Semiotics and The Shift To ‘Strategic Design’: A Sign of The Times
In an increasingly interconnected and integrated world, the disciplines of strategic planning and brand design are simultaneously shifting and converging in ways that we, as an industry, have never seen before.
At the same time, as brands dig deeper and deeper to define their role or purpose in the marketplace, consumers are also seeking greater meaning amidst the commercial clutter that characterises today’s media landscape.
To this end, we are rapidly moving towards a new paradigm that I like to call ‘Strategic Design’; in other words, design rooted in a semiotic approach. Using this approach ensures that a brand’s purpose is always ‘strategically designed’ to inform all elements of its identity and creative expression, thereby building greater meaning (through relevant and carefully considered signs, symbols and other brand cues) at every consumer interface. In many respects, this shift – from purely aesthetic design to strategic design – has become a true sign of the times we live in.
Today, a brand’s strategy is no longer simply its internal blueprint, and design is no longer solely limited to a brand’s external, visual manifestation. The time has come for strategists and designers to stop thinking (and acting) in silos. The lines between the two disciplines are blurring. In many respects, they have become both reciprocal and ubiquitously connected in order to address the many challenges facing our industry right now.
This is why I advocate the philosophy of ‘Strategic Design’; not only does it allow one to determine the short-term imperatives and direction of a brand, but it also helps to cement the brand’s core purpose and long-term equities. At every step of this journey of discovery, both strategists and designers should challenge themselves with a series of strategic and creative decisions, where each choice is considered and deliberate. In addition, as brand custodians, we need to ensure that collaboration between strategy and design is infused into our ways of working. This should be done because strategically-led design has been shown to play a substantial role in a brand’s journey towards growth.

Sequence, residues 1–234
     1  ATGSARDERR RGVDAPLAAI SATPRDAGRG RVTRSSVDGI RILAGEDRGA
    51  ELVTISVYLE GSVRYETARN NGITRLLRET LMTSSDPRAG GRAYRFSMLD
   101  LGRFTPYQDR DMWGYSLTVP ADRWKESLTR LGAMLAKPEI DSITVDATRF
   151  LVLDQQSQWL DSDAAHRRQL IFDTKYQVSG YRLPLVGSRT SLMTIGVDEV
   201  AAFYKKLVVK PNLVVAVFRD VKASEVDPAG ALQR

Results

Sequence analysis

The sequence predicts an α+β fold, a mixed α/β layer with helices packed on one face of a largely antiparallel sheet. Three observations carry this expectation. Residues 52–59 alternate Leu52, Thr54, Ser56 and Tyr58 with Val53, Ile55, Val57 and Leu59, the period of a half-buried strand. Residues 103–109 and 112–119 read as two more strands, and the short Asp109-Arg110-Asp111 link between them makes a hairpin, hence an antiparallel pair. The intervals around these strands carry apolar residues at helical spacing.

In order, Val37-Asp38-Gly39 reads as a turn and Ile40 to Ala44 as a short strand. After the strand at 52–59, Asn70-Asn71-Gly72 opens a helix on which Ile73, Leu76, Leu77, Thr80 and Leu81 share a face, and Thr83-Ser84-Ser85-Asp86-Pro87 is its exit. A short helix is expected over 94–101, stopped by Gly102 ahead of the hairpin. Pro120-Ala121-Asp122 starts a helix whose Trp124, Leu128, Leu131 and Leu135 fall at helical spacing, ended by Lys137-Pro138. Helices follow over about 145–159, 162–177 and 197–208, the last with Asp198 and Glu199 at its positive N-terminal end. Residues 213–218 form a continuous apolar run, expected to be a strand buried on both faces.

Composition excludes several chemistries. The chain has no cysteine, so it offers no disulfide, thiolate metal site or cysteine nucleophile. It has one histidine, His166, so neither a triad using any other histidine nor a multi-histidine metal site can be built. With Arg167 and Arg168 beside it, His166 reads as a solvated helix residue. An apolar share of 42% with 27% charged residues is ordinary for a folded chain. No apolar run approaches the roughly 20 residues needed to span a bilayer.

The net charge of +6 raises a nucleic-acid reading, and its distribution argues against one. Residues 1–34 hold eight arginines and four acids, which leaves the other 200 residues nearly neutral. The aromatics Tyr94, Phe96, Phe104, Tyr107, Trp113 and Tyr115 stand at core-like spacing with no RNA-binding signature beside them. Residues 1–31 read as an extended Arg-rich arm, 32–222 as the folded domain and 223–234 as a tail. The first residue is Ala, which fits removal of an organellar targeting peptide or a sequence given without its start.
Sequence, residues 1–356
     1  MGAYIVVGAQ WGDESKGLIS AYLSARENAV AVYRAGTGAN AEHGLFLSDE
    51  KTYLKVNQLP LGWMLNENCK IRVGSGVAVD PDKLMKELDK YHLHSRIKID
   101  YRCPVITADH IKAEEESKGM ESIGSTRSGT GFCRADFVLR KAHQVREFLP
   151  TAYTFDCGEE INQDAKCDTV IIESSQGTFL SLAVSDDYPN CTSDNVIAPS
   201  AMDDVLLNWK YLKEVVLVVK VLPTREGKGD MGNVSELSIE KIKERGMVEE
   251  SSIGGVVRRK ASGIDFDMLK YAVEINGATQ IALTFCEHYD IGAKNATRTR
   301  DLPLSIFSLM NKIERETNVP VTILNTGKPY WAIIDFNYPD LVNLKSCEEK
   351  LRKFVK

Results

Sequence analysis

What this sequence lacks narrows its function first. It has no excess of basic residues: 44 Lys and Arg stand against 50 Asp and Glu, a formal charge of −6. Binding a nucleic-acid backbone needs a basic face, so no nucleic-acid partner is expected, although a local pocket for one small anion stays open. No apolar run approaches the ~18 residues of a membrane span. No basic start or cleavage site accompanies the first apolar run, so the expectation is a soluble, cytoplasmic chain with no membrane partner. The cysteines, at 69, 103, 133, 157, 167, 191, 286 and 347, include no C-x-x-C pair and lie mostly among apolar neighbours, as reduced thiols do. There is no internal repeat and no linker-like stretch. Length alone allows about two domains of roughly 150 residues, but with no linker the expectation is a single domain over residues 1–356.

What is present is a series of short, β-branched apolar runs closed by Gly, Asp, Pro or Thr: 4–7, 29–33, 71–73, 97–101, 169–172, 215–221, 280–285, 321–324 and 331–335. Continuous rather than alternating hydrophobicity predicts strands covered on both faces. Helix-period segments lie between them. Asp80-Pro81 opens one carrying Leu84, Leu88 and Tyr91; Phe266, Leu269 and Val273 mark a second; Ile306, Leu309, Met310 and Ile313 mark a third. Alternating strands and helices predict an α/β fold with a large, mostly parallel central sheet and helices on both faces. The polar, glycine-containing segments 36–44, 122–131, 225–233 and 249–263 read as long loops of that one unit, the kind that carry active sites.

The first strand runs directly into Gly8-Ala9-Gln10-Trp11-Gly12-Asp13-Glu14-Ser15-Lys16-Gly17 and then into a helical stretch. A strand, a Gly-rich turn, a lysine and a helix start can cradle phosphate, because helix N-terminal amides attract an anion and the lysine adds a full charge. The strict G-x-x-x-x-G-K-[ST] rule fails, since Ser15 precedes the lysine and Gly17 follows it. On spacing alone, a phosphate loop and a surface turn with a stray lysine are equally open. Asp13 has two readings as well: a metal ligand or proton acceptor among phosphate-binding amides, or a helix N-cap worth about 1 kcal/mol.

Gone are the days of pursuing creativity for creativity’s sake alone. Taking our cue from the field of semiotics, we need to recognise the importance of building meaning into everything we develop, both strategically and creatively. It is evident that today’s consumers are resonating with brands that go beyond the superficial, while clients are pushing for creativity with greater depth – creativity with true strategic purpose. As evidence of this, strategists are now also expected to think more laterally and creatively in designing their strategic plans, while designers are expected to think and act more strategically in response to clients who are more sensitive to their creative return on investment.
I believe that strategy and design are, essentially, two sides of the same coin; each being vital to a brand’s success. It has been said that design without a strategic basis is purely art, while strategy without design is simply theoretical. However, when a solid strategy meets outstanding design, the outcome is exponential brand leverage and growth.